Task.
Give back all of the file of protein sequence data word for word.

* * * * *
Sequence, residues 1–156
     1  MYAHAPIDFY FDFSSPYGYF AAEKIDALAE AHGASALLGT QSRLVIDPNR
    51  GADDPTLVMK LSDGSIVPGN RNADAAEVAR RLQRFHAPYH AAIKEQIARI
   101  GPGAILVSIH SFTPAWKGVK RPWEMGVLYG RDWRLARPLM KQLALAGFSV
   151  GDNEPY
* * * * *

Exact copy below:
Sequence, residues 1–156
     1  MYAHAPIDFY FDFSSPYGYF AAEKIDALAE AHGASALLGT QSRLVIDPNR
    51  GADDPTLVMK LSDGSIVPGN RNADAAEVAR RLQRFHAPYH AAIKEQIARI
   101  GPGAILVSIH SFTPAWKGVK RPWEMGVLYG RDWRLARPLM KQLALAGFSV
   151  GDNEPY